Homeowners Facing Denied Claims After Hurricanes

As Harvey dumped trillions of gallons of water on Houston in 2017, leaving homes and belongings permanently destroyed, many communities faced another disaster—a flurry of insurance companies that refused to honor their policies. Dan Karr, the founder of a company that creates reports on insurance providers, likened the aftermath of Hurricane Harvey to that of Superstorm Sandy and Hurricane Katrina.

Insurance executives say California, Florida, Texas, Colorado, Louisiana, and New York are the most difficult states in which to insure homes. In today’s home insurance crisis, the risk tolerance in each state must be reassessed and home insurance rates, which have been artificially low for decades according to the Insurance Information Institute (III), must be adjusted.

We’re already seeing that happen in Florida, where average annual rates are expected to rise around 43% to approximately $6,000. Many homes throughout the United States are being deemed as “uninsurable” by the Federal Housing Administration (FHA) thanks to the risks that disasters like wildfires in California and hurricanes in Texas, Florida, and Louisiana pose.

How Home Insurance Affects Purchasing Power

Aside from the clear cost prohibitive nature of rising home insurance rates for current homeowners, potential buyers are also put in hot water when homes are uninsurable. In fact, uninsurable homes are either ineligible for homeowner’s insurance or for a mortgage, making the cost of entry increasingly high. Many residents are expected to be pushed out of certain areas, most notably coastal areas, due to unaffordability.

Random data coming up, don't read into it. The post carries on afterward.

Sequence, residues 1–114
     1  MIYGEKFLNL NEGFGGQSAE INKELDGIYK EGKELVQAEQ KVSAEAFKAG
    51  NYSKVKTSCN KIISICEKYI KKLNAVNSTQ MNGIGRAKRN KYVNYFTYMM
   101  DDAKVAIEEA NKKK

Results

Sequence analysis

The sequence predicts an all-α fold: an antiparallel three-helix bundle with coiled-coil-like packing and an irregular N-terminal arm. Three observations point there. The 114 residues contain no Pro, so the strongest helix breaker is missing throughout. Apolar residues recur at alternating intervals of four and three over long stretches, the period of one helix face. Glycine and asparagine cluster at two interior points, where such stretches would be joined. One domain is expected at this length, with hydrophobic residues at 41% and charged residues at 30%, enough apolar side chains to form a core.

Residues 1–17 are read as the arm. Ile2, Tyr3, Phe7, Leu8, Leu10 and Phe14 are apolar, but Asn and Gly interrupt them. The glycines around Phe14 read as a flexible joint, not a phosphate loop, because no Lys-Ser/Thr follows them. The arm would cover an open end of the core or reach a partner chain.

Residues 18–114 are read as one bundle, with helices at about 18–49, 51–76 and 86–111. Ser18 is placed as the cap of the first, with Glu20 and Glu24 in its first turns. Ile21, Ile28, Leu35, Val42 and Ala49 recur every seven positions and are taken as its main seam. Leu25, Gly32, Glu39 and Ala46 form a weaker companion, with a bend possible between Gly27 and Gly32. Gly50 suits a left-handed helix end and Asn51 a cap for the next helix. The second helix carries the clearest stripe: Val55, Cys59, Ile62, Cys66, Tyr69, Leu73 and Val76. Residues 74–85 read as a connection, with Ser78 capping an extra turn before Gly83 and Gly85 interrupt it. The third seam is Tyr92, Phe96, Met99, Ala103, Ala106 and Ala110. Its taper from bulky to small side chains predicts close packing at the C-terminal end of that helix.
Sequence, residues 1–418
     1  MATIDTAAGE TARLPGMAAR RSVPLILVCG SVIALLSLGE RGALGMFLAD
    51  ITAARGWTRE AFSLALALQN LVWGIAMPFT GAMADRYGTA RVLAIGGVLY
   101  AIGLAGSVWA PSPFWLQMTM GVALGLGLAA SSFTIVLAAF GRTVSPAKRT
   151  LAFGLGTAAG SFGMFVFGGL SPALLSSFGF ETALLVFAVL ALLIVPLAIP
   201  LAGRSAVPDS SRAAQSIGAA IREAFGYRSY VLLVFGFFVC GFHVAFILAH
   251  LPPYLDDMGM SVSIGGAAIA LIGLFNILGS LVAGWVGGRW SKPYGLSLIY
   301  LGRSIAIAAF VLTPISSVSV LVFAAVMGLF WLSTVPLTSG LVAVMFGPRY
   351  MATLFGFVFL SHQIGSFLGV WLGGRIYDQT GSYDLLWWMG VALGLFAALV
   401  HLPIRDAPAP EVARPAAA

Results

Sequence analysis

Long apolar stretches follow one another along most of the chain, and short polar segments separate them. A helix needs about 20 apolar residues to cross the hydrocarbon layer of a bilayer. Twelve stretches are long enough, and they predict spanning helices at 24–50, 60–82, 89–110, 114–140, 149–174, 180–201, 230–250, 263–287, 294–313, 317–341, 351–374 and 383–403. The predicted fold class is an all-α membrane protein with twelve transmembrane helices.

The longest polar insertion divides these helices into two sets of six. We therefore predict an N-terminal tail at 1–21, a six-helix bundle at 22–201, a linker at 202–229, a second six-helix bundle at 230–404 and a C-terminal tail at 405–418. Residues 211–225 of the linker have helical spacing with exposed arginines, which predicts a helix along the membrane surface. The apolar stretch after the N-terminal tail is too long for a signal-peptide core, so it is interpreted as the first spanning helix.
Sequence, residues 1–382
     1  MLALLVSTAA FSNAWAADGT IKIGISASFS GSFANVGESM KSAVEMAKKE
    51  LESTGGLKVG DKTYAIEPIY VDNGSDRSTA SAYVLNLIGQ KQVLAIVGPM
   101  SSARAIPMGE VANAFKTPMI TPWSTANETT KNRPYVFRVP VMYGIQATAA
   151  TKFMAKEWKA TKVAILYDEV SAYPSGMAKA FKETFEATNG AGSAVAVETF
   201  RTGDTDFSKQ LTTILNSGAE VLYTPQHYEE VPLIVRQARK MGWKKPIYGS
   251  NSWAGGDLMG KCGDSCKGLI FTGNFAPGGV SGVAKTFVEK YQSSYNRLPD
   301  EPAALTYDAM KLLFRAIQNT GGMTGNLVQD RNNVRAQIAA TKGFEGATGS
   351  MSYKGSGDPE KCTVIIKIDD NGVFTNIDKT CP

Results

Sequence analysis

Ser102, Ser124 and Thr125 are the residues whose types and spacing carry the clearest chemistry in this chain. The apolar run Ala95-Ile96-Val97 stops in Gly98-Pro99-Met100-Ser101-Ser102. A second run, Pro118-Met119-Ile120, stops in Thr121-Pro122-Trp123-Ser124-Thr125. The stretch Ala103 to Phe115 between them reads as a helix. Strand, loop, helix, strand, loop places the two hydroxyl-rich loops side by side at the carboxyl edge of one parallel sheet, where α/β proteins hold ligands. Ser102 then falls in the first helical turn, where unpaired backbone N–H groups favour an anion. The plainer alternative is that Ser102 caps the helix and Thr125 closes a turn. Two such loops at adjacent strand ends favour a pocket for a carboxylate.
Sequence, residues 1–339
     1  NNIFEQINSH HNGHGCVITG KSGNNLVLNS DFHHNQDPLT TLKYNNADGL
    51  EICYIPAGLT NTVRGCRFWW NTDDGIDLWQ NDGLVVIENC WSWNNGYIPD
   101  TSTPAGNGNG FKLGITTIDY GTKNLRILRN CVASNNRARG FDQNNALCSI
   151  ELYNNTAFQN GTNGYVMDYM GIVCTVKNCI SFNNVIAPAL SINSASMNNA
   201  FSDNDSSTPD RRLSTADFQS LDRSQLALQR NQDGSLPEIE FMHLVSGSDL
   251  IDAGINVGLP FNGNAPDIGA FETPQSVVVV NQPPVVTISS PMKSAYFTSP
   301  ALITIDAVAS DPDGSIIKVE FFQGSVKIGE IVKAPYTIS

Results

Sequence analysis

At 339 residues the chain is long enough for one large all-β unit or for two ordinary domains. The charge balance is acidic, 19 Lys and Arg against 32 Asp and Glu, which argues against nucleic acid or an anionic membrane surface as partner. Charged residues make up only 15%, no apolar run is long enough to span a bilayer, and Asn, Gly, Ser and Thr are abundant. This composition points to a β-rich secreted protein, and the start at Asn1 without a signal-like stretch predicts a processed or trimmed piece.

While homeowners insurance isn’t required by law in any state, not having it can cause serious issues. Should a current homeowner be unable to get it, or cancel the policy during the life of their loan, their lender may force them into an expensive policy or send the loan into default. This threatens the homeowner’s credit score and increases the risk of foreclosure.

The Ghost of Katrina Continues to Haunt the Gulf

In 2006, hundreds of destitute homeowners on the Gulf Coast filed lawsuits against insurance companies who denied claims after Katrina. The core issue was whether or not a client’s home was destroyed by floodwaters or by wind.

If it was a flood, then the homeowner would need to file a claim under National Flood Insurance Protection, which is underwritten by FEMA. For most homeowners, their coverage under NFIP is fairly modest (or nonexistent). State Farm, one of the insurance companies sued by policyholders after Katrina, only covered wind damage in a hurricane—and thus refused to offer relief for damages that seemed to be caused by storm surges or floods.

Even worse, “anti-concurrent causation” clauses state that if a home was damaged by both flooding and wind, the insurer doesn’t have to cover a single cent of it. In other words, the insurance company says they’ll only cover your home’s damages if only wind caused the damage. Courts applied these clauses inconsistently after Katrina—some enforcing the clause, others ruling around it.

Proven History of Insurance Bad Faith